I grew up with three siblings, and my father has three brothers. I remember Thanksgivings in the DeArmon household as big, multi-day affairs where my cousins, siblings and I ran around playing hide-and-seek while the grown-ups argued politics around the dining room table.
Once everyone was seated but before we began plating up and eating the turkey, stuffing, and rice, one of our traditions was to go around and have each family member say what they were thankful for. This exercise was done in chronological order, proceeding from the youngest person to the oldest. Adult answers were usual: “the little things,” “family and friends,” “my good stable job,” while children’s answers ran the gamut: the family pet, a favorite stuffed animal, ice cream.
Most of our extended relatives have moved beyond the D.C. area so nowadays my family’s turkey day is small and subdued. Some years I can’t even attend, because I’m traveling or scheduled to work. But my fond childhood memories endure and I still think of Thanksgiving as my favorite holiday. I like how it’s unassuming and no-frills: no showy house decorations, costumes, tinsel, twinkly lights or wrapping paper, just cooking food and spending time with loved ones.
Most every American knows that Thanksgiving commemorates a 1621 feast celebrating the harmonious partnership between the Pilgrims and Native Americans. Fast-forward to Colonial America and one of George Washington’s first acts as President: the Thanksgiving Proclamation, which designated Thursday, November 26, 1789, as a day for Americans to praise God “for all the great and various favors which he hath been pleased to confer upon us” (like, y’know, victory in the Revolutionary War).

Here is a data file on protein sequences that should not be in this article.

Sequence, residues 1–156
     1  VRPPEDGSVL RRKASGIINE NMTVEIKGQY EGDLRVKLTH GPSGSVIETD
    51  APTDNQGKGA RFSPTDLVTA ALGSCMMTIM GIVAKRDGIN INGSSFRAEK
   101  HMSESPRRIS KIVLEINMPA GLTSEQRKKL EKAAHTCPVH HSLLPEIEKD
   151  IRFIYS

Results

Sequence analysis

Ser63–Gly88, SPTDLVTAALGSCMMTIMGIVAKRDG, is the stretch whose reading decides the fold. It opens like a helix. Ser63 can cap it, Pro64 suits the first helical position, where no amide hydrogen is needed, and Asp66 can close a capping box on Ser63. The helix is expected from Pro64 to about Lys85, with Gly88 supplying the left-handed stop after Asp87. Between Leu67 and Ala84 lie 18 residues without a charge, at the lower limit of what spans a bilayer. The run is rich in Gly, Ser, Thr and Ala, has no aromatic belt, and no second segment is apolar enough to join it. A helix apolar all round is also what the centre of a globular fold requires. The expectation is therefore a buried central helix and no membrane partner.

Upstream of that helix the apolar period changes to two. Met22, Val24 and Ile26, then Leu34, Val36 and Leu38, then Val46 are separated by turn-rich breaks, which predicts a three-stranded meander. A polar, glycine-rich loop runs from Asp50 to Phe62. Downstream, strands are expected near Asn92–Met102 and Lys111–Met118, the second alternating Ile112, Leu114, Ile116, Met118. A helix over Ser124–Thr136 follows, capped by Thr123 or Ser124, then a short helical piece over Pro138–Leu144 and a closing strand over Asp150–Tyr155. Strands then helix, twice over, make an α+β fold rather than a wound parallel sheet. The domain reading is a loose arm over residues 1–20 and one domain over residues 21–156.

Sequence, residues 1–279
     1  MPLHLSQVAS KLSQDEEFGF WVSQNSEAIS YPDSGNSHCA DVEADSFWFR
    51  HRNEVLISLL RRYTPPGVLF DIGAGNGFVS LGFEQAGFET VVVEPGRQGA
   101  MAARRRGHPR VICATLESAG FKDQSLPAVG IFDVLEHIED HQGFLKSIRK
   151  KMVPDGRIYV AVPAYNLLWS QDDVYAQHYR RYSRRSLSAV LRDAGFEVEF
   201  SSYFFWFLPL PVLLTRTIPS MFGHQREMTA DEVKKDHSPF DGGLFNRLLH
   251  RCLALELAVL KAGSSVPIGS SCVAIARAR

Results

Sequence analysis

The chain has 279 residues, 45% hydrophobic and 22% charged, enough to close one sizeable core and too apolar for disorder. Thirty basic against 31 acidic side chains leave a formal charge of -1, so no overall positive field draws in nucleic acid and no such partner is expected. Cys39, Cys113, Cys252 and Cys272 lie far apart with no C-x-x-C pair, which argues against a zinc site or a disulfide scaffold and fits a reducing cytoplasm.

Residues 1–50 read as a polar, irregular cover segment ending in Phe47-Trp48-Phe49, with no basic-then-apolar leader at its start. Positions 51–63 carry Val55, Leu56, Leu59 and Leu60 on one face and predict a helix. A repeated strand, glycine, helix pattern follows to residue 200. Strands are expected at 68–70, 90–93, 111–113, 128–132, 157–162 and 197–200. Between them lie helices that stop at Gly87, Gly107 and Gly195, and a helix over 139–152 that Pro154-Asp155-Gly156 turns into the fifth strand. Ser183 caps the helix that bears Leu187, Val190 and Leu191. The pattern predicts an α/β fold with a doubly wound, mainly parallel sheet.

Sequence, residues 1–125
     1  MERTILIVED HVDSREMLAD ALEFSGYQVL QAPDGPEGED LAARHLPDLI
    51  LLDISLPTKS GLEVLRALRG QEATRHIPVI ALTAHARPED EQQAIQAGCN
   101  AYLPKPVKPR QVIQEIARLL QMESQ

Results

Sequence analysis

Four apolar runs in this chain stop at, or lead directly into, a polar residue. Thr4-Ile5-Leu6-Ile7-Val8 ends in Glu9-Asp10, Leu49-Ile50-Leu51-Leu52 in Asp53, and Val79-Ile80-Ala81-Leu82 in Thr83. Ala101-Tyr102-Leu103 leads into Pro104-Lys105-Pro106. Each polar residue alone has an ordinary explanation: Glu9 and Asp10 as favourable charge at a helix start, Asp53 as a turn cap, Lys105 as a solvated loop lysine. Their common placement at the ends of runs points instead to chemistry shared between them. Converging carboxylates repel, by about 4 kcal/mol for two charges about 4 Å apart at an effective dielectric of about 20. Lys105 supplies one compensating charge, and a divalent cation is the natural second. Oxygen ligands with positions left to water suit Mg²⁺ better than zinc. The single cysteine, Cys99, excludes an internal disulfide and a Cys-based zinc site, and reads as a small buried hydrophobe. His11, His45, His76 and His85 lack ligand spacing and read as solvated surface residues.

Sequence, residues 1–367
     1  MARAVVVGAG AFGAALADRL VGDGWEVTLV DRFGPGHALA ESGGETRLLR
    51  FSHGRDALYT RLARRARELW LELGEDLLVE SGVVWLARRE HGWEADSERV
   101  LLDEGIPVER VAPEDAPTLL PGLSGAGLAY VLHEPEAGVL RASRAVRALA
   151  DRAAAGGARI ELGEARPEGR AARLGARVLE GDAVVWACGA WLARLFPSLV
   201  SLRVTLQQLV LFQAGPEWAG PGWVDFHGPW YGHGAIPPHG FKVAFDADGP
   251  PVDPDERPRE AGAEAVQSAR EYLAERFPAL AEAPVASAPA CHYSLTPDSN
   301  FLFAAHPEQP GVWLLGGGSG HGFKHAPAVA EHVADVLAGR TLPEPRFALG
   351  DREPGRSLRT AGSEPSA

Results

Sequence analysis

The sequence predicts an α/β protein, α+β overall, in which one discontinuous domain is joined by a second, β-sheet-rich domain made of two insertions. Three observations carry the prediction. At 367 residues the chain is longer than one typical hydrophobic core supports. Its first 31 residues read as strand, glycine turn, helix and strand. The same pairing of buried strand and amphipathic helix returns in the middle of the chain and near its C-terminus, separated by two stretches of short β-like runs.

Thanksgiving continued for years as a piecemeal holiday — various presidential administrations would decree a standalone national day while some individual states (mostly in New England) adopted it as a yearly tradition. Abraham Lincoln officially made it an annual nationwide holiday in 1863.
In 1939, Franklin Roosevelt moved Thanksgiving from the fourth Thursday of November to the third, in an effort to spur retail sales during the Great Depression. His decision was derisively called “Franksgiving” and universally hated. Sixteen Republican states flat-out refused to acknowledge the switch and continued to celebrate on the fourth Thursday. There was such outcry that in 1941 Franklin switched it back.
Oh, America. Even back in the golden Roosevelt era we politicized everything. I think of FDR as a hero who stewarded our country through the dark days of the Depression and World War II. But he was subject to the same vitriol, dissent and displeasure as every other political leader — over an issue that seems so quaint! I would love to trade 2021’s violent polarization over masks, vaccines and critical race theory for controversy about the timing of a measly holiday.
The passage of time puts a nice luster on all the rough edges. Take our Thanksgiving myth — there was a feast between the Wampanoag Tribe and the Pilgrims, but each had their own political and economic motivations for cooperating. And our grade-school history classes completely omit the fact that one big peaceful 1621 party was followed by centuries of war, disease, and displacement.
The same could be said for my own Thanksgiving memories, all conveniently absent of holiday stressors like travel, family arguments, a kitchen full of dirty dishes, or the chaos wrought by groups of children. This can be a difficult time of year for all sorts of reasons, but that doesn’t negate the things there are to be thankful for.
Alexandra DeArmon grew up in Frederick. She now splits her time between Maryland and Alaska. firstname.lastname@example.org.